Back in June, I attended the National Communicating Science Conference (#ComSciCon) in Cambridge, MA and one of the many awesome people I met was Sadie Witkowski! Sadie is the host of a podcast, PhDrinking, where she interviews a scientist about their research over a drink. I had the pleasure of being one of Sadie’s interview-ees […]
This week, I am curating @Biotweeps! @Biotweeps is a twitter account that is taken over by a different biologist each week. If you’re on twitter, you can follow my week (starting yesterday!) at the handle @Biotweeps. I’ll be talking about a few of my favorite things: honey bees, pollinators, and science communication. If you’re not […]
Honey bees drink dirty water as a nutrient supplement
As National Honey Bee Day (yes, it’s a thing!) approaches, check out a guest blog post I wrote for the Genetics of Taste Lab at the Denver Museum of Nature & Science! Read the full post here.
National Pollinator Week!
I celebrated National Pollinator Week by spending time with my honey bees (which I technically do every week), and honoring a pollinator a day on Twitter. While it’s great that we have a whole week that’s nationally recognized and set aside for pollinators, we should celebrate pollinators every day! Pollinators make crops possible, they add […]
My recent stint in the lab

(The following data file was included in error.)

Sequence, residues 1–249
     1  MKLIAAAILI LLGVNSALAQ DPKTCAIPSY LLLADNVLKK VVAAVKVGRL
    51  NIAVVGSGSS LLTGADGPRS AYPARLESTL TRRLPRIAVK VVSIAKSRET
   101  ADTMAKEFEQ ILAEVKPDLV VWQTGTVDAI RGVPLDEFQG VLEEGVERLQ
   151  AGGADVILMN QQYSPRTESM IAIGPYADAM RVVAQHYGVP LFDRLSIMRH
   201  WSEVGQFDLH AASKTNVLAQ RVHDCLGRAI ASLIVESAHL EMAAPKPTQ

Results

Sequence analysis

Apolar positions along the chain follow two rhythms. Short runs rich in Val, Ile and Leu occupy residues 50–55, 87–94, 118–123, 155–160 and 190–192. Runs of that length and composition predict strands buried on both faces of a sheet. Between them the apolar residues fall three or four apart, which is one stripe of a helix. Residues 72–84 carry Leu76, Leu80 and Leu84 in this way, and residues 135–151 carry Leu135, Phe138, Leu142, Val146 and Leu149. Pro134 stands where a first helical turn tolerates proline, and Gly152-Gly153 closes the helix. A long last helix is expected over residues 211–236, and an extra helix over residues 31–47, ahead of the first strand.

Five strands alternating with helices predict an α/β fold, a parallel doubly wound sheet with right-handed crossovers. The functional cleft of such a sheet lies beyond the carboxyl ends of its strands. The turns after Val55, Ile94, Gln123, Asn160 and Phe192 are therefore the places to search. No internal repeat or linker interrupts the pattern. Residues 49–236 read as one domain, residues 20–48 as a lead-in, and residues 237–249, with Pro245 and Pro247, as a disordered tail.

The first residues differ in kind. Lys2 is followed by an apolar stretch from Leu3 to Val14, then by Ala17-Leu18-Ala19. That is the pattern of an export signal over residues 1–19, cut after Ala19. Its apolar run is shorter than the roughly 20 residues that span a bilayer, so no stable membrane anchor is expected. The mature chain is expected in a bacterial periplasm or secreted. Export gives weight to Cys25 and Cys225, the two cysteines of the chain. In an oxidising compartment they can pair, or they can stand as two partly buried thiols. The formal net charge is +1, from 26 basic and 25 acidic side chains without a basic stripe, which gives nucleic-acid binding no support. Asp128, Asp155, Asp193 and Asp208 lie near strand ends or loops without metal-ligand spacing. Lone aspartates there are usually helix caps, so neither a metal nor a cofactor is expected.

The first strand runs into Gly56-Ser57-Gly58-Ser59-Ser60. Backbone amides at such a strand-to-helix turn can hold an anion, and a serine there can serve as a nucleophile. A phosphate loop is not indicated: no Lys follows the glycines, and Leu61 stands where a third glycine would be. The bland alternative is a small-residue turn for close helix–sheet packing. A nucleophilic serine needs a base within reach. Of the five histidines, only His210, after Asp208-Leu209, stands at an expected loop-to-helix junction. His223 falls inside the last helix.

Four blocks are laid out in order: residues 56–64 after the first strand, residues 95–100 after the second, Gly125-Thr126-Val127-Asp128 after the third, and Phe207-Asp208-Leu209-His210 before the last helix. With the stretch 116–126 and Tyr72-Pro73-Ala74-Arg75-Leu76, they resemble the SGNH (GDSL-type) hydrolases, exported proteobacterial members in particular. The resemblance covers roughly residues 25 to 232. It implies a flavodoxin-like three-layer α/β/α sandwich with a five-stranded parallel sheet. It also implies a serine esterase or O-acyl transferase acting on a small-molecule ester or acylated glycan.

This past summer, I raised honey bees on different diets on the Tufts Vet School campus in Grafton, MA. I am interested in how those different diets may, or may not, have affected the community composition of the honey bee gut microbiome. The honey bee gut is full of bacteria that may be beneficial to […]
Books about bees! For kids!
As the holidays draw near (where did the time go?), I am here to share reviews of some bee-themed kid’s books in my collection. A book (especially one about bees) is always a great gift! Show Me the Honey, Author: Tish Rabe, Illustrator: Christopher Moroney What is it about? Nick and Sally are out of […]
This Halloween, I carved a bee-themed jack-o-lantern. The shape, and size, of my pumpkin was perfect for a skep carving (and a couple bees of course). Humans have a long history with keeping bees; a skep is an artificial hive that beekeepers have been using for over 2,000 years. In nature, European honey bees (the […]
Pollen. It's what's for dinner.
A couple weeks ago, I wrote a research update for the Tufts Graduate Admissions blog (lots of guest blogging lately!). You can read that update here. And update to the update: I just got the pollen data back from Jonah Ventures this week! I have lots of data to sift through.
Decisive dancing in honey bees
I wrote a guest blog post for Insectes Sociaux reviewing a recent study on group decision-making in Asian honey bees. Check it out here.
The secret life of team honey bee
I wrote a guest blog post for Dispatches from the Field, an amazing blog about life and science in the field! Check out my post here.